Police Chief Bill Scott’s argument that he had to drop out of a critical reform measure because the District Attorney’s Office was withholding information from him is looking more and more shaky.
At the Police Commission meeting Wednesday night, Max Carter-Oberstone, who was appointed by Mayor London Breed, directly challenged the chief over a federal judge’s ruling that the cops were withholding evidence in the same case that he had complained about.
In a March 2 ruling, Magistrate Judge Jacqueline Scott Corley took the unusual step of sanctioning the Police Department for failing to turn over important evidence in a civil case filed by Dacari Spiers.
Background: After Police Officer Terrance Stangel beat him so badly he had to be hospitalized, Spiers sued the city. After an embarrassing attempt by Sup. Catherine Stefani to block the deal, the supes agreed to settle the case for $700,000.
Scott has used the alleged failure of the DA’s Office to provide the cops with information about the Stangel case as grounds to pull out of a memorandum of understanding that put the DA in charge of investigations of police shootings. This has been a huge deal, and since it’s been in place, cops have shot a lot fewer people.
But the POA is furious at Boudin, and the evidence is pretty clear that Scott decided to pull out of the MOU the day before the POA was going to hold a vote on no-confidence in his leadership.
So: Scott decides that what a judge called a rather minor and unimportant issue of disclosure is grounds to undermine critical reforms—while in fact his own department has committed what another judge says is a pretty serious breach of the same type of rules.
Judge Scott Corley was responding to a complaint by Spiers’ lawyers, who said that they had learned (from another lawsuit against the city) that the SFPD had failed to turn over important evidence in the Spiers suit.
The judge had little patience with the city:
The Court finds that Defendant the City and County of San Francisco, acting through SFPD, engaged in conduct tantamount to bad faith. There is no dispute that Defendant did not disclose the evidence to their own counsel until the December 14, 2021 deposition. And the failure to disclose was not inadvertent; it was part of an admitted SFPD policy.
This is all a bit complicated, but the bottom line is simple: The cops under Chief Scott did what the chief complained about the DA doing, in the same case—but the cops did much worse. Not by mistake, but as a matter of policy.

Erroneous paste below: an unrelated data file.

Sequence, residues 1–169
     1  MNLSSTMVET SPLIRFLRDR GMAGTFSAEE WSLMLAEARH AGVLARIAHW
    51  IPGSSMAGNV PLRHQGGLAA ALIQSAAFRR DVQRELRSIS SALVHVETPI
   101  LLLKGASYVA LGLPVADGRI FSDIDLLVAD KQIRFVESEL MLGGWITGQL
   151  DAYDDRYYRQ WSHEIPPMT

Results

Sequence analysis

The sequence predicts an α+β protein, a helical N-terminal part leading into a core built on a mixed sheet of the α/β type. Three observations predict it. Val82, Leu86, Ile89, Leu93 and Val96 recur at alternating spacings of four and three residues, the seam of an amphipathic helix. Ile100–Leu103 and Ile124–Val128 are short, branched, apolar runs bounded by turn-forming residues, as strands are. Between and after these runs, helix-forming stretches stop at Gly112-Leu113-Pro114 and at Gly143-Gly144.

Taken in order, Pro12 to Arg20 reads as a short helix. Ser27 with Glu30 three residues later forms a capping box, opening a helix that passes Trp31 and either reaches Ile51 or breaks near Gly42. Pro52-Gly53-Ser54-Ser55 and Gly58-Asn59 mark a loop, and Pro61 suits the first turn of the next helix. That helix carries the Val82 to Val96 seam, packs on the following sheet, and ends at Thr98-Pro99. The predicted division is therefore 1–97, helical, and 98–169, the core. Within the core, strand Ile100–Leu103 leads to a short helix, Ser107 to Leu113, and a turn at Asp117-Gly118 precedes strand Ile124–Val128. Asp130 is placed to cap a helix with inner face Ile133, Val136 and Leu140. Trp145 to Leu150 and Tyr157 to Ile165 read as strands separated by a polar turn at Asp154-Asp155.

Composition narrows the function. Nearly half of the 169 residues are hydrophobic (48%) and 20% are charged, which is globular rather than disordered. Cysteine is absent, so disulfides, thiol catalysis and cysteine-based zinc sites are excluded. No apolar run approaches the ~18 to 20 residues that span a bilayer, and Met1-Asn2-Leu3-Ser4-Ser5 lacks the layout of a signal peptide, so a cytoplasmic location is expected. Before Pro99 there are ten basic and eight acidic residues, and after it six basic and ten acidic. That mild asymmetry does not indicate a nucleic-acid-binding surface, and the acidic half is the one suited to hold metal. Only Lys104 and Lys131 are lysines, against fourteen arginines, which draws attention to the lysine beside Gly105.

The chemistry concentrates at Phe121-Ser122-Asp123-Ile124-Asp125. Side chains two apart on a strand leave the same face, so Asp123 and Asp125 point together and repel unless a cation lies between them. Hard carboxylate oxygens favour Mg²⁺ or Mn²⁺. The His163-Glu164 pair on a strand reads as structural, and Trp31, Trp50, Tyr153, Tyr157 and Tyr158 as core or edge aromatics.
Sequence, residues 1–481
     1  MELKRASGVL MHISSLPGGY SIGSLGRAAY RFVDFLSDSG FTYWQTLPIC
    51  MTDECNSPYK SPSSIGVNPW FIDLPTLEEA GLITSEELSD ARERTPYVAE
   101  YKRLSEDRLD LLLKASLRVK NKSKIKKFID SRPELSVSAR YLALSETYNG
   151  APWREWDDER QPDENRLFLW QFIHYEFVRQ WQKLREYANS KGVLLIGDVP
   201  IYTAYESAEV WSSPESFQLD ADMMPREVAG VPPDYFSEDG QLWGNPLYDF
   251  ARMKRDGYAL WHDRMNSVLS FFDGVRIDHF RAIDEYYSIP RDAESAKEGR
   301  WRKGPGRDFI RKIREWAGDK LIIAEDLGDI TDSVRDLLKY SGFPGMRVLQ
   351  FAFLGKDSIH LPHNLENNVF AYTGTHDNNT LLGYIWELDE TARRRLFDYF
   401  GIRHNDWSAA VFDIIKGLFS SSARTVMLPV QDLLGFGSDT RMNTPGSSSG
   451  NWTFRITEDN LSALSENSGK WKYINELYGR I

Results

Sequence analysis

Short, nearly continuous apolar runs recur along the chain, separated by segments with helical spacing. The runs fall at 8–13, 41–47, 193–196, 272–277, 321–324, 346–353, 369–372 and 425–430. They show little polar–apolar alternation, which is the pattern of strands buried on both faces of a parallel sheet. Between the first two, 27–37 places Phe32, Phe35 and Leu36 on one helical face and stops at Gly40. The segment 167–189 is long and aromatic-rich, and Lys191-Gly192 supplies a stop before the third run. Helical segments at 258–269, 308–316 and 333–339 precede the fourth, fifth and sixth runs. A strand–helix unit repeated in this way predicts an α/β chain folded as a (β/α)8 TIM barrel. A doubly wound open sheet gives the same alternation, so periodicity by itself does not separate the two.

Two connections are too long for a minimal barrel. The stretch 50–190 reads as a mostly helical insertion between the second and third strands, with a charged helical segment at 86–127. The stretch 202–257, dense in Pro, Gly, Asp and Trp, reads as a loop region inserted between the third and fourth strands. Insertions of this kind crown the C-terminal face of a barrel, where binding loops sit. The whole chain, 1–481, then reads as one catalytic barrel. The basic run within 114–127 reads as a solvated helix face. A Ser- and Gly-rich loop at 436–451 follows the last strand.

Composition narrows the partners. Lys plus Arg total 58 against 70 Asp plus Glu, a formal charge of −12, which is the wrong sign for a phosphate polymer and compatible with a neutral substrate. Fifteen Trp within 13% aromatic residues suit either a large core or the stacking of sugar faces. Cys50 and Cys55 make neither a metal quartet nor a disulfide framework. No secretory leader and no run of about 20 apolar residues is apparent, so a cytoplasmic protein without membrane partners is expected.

Carter-Oberstone wanted to know why.
“The order finds that the department willfully withheld a whole slew of evidence,” he said. “The judge described this as “reckless.”
He noted that it’s highly unusual for a court to issue sanctions against a party in a case like this. “It only happens in extreme cases of misconduct … this is very serious.”
You have been very public in the press about how incredibly inappropriate the DA’s failure was to hand over certain documents although a judge decided those documents were immaterial. Now the department is being sanctioned for what a federal judge calls reckless behavior for failure to hand over a lot of really important documents. The public need to understand ow this happened in a department that has been vociferous in its outrage over failure to hand over documents. I think the people deserve an answer; this is a pretty big deal.
Scott’s response: He didn’t know anything about this, just learned about it that afternoon, and would talk to the city attorney and get back to the commission next week.
Two possible takeaways:
Chief Scott really didn’t know that his subordinates were engaged in what a federal judge said was clearly inappropriate and reckless behavior—which suggests he isn’t on top of what’s happening in the department—or he did know, and did nothing about it.
Neither one looks terribly good.
The other takeaway: Some members of this Police Commission are tired of the misinformation and scandals, and are willing to push back.
The next question: Will the officers who, according to a federal judge, recklessly withheld information in a legal case face any consequences? Will the policy that they say they were following be changed?
And will the commission insist that it happens?